How Average Malaysians can Shape the EconomyNovember 30th, 2016 by Natalie Heng
The Time is Ripe for Equity Crowdfunding
All over the world, equity crowdfunding is being hailed as a game changer for stimulating small and medium-sized business growth. This is how the little guy can make a difference.
With wage stagnation, cutbacks in subsidies and declining oil revenue from a global slump in oil prices, sentiment this year has been gloomy. But you know what makes an economy resilient? SMEs.Small and medium enterprises are the backbone of our economy. They account for up to 98% of the business establishments in Malaysia, 62% of employment and 42% of our national GDP. Make no mistake about it, small and medium-sized businesses may not generate as much money as large corporations, but they are critical to the strength of local economies the world over. So the best way to encourage resilience in times of economic uncertainty is to support SME growth. Small businesses help stimulate economic growth by providing employment opportunities. They provide goods and services that improve the quality of life for the local community and create the kind of local ecosystem that will attract larger corporations seeking a good location to set up their businesses. The trouble is that one of the biggest challenges faced by SMEs in Malaysia is limited access to finance. Investments in early stage startups tend to be dominated by government agencies, whilst private local investors seem to prefer more traditional asset classes, like real estate.
Money is the Seed of Money
Venture capitalists go for high-risk returns. But what about the mom-and-pop shops deciding to take their business a step further? Or someone looking to open a modern childcare center just down the road from where you work? Or a home-grown tech company looking for seed funding to get their virtual admin assistant platform off the ground? It’s often said that to make money, you have to spend some; whether that’s through converting your website to an e-commerce platform, hiring new staff, or updating equipment to increase operating efficiency.
Startups and SMEs often use personal savings to get their ideas off the ground or turn to friends and family for money. But this often isn’t enough, which means for every great idea that sees the light of day, many more great business ideas go untested. The arrival of equity crowdfunding in Malaysia couldn’t have been more timely. Equity crowdfunding refers to the online offering of private company equity to members of the public. In some places, it’s called ‘crowd investing’, because it enables broad groups investors (the crowd) to fund small companies or startups, in return for equity.
More Relevant than Ever
Since the idea first began to take off in the aftermath of the 2008-09 financial crises, regulatory bodies around the world have been busy creating legal frameworks to enable ECF; seen as an alternative to traditional debt financing to help kickstart the economy in light of a global credit crunch. Last year, the Securities Commission of Malaysia took a bold step, making Malaysia the first country in Asia-Pacific to legislate equity crowdfunding (ECF). This year, we’ve seen a proliferation of Malaysian equity crowdfunding platforms – including our own platform Ata Plus, creating greater access for both Malaysians and foreign investors to invest in local companies. But the benefits of ECF benefits aren’t restricted to businesses – this is a new opportunity for everyday citizens to shape the community around them, by supporting businesses ventures that not only stimulate growth, diversifying and creating a more vibrant local economy, but enabling a better quality of life for the customers they serve.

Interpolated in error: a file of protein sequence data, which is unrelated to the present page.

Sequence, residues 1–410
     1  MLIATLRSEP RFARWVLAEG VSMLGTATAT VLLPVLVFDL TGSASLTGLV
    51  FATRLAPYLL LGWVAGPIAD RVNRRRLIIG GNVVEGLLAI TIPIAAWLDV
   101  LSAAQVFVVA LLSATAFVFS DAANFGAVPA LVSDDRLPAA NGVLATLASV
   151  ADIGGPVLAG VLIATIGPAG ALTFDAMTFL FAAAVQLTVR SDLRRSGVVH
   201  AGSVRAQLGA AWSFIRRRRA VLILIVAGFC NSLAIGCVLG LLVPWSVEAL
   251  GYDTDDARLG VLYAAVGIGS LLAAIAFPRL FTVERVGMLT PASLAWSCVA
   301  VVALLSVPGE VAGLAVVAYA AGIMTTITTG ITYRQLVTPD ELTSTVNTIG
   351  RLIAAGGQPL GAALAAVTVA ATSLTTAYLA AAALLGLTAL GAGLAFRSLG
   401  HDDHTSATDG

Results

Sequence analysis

Our own first list of issuers on Ata Plus, are great cases in point; Skolafund for example, creates greater access to higher learning for students from low and middle-income families, through education crowdfunding. They offer investors like you and me – retail investors can invest anything from RM100 to RM5000 – more than just a potential return on the equity we buy; they give us the chance to support something that is making a better Malaysia for everyone. Likewise, PasarTap, another one of our issuers, supports local farmers by connecting them to urban consumers via a modern door-to-door delivery service. That means that just because you live in a city, doesn’t mean you have to buy your groceries from expensive supermarkets. Instead, PasarTap offers a fresh solution, giving consumers access to local produce at market prices, at the click of a button – and they are seeking to improve and grow this great low-carbon footprint business model via capital sourced from the crowd. Our third issuer, Neuroware is a fantastic example of how equity crowdfunding gives everyday people the opportunity to be part of something new. Blockchain technology is at the cutting edge of financial innovation, with potential applications in all sorts of other business areas. By opening equity up to the crowd, Neuroware – a leading blockchain technologist and the first in Southeast Asia’s to offer blockchain agnostic solutions and infrastructure – is giving businesses the chance to be part of this pioneering space.